I love the story behind the Maxo Joseph Excellence in Direct Care Awards, which began during my time as CEO of MAB. Following the passing of an exceptional caregiver and colleague named Maxo Joseph in 2020, a donor approached MAB saying he wanted to recognize hardworking people like Maxo who seldom get the acknowledgement and appreciation they truly deserve. As a result, the Maxo Joseph Awards were established in 2021 to recognize and reward direct care staff in MAB’s Adult Disability Services division who go above and beyond in their commitment to the participants they support. The awards total $50,000 annually, with individual awards ranging from $2,000 to $10,000.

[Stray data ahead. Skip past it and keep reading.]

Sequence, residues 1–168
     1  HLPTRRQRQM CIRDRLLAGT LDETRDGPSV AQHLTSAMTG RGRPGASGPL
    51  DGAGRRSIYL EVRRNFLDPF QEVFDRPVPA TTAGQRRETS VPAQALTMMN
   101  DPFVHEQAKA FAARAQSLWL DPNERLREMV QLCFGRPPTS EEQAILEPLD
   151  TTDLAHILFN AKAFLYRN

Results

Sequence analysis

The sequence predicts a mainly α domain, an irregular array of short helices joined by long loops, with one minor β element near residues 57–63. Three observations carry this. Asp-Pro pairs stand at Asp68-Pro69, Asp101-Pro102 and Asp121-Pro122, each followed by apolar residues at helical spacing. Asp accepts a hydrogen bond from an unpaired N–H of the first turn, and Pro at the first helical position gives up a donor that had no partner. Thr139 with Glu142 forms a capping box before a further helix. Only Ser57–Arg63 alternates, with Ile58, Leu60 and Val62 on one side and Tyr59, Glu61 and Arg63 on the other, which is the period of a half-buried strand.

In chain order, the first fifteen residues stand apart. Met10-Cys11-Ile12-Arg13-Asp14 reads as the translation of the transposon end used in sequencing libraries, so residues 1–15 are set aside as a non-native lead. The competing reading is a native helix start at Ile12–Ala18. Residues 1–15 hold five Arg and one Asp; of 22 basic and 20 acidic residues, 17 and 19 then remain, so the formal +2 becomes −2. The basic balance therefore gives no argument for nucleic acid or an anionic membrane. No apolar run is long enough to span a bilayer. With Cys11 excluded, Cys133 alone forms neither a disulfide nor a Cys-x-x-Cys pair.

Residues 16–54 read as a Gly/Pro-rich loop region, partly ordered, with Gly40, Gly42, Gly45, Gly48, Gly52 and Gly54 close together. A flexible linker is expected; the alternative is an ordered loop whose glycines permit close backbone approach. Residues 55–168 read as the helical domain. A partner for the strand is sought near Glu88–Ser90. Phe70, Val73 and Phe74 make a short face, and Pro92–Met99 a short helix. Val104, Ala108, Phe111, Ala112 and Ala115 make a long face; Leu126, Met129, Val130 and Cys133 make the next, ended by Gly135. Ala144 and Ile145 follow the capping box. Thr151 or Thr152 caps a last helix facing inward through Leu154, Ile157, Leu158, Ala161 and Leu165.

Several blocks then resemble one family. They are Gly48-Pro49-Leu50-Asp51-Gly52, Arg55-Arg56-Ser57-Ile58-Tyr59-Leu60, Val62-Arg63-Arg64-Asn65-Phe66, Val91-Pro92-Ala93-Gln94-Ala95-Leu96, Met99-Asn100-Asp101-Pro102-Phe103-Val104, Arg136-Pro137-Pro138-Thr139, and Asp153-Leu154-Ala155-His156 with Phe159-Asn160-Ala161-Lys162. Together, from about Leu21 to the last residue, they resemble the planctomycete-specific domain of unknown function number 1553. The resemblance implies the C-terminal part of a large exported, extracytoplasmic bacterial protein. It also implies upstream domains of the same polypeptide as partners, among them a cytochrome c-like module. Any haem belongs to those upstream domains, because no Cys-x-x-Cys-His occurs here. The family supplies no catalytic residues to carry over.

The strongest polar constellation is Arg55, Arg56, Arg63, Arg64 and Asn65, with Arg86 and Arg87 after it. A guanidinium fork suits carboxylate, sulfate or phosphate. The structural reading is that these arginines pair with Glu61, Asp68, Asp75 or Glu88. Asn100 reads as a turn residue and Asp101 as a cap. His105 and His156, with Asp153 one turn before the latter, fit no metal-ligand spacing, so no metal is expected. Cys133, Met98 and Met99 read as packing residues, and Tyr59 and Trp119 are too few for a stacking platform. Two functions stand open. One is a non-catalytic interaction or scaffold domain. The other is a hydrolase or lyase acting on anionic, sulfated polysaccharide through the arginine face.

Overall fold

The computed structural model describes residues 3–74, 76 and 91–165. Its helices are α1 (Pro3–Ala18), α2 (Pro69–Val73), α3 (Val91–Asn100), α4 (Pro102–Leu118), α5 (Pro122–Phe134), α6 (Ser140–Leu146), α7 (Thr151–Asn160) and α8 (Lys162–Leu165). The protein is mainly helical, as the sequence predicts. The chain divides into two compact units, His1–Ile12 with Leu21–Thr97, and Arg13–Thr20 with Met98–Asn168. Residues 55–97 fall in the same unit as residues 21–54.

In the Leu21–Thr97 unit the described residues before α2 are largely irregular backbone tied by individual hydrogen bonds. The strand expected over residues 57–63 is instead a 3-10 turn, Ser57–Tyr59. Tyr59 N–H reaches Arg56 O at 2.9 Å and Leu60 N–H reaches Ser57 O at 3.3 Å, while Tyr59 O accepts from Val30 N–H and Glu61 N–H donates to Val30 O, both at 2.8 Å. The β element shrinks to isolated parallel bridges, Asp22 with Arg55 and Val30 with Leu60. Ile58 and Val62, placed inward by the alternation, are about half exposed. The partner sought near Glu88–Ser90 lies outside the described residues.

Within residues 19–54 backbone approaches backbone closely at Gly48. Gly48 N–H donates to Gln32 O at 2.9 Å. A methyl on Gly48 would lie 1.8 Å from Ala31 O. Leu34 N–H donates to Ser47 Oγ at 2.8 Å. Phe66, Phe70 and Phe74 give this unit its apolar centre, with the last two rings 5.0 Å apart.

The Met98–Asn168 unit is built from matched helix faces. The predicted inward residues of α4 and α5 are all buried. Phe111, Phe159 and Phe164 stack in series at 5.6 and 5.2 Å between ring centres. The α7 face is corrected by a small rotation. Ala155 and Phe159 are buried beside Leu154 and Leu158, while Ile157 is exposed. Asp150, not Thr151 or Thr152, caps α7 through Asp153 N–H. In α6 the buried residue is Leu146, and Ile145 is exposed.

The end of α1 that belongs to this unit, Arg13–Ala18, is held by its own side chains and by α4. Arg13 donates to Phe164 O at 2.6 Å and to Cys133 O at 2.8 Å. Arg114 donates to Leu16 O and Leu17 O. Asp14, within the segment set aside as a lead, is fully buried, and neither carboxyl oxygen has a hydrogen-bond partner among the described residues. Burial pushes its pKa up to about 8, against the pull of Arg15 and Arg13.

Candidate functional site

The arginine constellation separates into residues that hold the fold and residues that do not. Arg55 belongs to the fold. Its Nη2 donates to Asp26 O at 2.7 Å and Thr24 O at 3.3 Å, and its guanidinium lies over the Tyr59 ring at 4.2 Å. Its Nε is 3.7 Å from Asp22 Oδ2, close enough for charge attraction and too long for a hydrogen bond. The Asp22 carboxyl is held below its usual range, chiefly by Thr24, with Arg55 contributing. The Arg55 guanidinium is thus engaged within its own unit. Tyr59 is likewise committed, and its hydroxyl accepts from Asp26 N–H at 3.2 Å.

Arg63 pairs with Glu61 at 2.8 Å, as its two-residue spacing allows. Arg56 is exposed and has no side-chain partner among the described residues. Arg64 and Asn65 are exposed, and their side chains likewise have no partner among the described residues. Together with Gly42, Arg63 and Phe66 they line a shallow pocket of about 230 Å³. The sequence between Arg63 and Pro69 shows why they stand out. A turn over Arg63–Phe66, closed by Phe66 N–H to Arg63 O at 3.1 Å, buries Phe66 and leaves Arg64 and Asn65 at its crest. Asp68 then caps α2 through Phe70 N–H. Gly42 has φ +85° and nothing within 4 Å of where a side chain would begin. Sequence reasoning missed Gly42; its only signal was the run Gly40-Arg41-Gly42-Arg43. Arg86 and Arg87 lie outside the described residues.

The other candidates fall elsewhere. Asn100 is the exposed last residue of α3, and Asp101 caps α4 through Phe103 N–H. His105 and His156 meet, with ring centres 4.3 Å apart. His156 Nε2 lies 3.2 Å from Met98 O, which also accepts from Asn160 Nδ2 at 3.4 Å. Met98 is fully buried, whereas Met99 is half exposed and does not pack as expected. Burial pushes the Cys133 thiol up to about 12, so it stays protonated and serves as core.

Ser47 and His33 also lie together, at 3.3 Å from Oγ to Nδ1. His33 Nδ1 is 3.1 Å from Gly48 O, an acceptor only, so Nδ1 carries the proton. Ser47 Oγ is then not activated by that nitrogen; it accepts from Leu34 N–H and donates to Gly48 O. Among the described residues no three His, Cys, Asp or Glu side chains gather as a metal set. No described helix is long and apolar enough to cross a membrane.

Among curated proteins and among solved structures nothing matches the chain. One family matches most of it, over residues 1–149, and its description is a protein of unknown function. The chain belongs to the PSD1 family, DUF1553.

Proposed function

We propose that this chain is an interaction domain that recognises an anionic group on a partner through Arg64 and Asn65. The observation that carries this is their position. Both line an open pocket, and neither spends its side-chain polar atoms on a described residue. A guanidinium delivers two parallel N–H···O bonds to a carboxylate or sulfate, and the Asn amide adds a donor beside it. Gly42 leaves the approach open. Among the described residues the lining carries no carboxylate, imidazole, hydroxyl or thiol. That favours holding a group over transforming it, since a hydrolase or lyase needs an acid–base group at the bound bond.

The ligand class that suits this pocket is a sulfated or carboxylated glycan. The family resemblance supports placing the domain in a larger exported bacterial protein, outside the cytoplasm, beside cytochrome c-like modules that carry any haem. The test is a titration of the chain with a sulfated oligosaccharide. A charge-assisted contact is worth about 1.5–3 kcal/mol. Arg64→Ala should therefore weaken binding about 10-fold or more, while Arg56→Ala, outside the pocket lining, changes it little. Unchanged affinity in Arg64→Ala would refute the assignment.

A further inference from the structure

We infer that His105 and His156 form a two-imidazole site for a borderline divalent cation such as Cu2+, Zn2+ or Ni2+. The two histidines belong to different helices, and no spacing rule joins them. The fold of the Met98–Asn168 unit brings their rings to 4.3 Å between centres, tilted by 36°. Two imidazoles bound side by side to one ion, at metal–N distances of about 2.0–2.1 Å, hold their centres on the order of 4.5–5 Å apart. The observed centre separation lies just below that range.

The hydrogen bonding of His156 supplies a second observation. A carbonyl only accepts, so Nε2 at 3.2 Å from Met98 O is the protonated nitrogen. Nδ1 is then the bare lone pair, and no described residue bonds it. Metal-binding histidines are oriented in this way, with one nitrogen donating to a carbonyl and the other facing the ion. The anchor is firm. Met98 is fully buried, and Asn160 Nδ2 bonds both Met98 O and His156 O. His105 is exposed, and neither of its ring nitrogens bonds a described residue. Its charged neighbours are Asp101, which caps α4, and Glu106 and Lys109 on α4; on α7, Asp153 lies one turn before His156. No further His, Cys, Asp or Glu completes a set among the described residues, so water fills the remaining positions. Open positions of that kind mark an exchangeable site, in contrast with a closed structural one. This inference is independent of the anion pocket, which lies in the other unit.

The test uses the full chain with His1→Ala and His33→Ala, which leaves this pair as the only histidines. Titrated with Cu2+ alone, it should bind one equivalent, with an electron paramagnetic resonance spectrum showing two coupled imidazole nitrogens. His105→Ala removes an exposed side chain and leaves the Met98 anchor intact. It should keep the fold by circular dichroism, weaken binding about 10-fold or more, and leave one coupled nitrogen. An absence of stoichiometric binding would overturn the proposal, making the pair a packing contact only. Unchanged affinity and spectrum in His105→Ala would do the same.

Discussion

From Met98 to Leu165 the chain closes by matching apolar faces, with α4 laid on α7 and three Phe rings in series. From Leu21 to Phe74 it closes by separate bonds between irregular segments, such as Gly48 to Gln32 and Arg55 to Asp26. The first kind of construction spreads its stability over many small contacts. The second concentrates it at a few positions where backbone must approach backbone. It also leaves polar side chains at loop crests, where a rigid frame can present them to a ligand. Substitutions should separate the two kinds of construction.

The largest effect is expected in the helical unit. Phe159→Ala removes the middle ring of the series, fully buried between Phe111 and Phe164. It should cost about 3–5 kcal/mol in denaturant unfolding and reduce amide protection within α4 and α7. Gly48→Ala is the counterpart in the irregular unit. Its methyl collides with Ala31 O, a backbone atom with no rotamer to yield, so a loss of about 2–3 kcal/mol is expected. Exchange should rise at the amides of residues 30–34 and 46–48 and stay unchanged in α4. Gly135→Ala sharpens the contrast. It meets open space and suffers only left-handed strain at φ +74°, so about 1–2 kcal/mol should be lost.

These awards have had a significant impact on staff retention and morale. It’s amazing to watch the teams in each of MAB’s group homes root for their colleagues to be selected. During the awards ceremony, the honorees speak directly from the heart and share what working in direct care means to them. There is true dignity in these awards, and they’ve helped me realize that it’s not just ideas that are important, but the people who make them happen.
It has been said that our mistakes can be our greatest teachers. Can you share a story about the funniest mistake you made when you were first starting? Can you tell us what lesson you learned from that?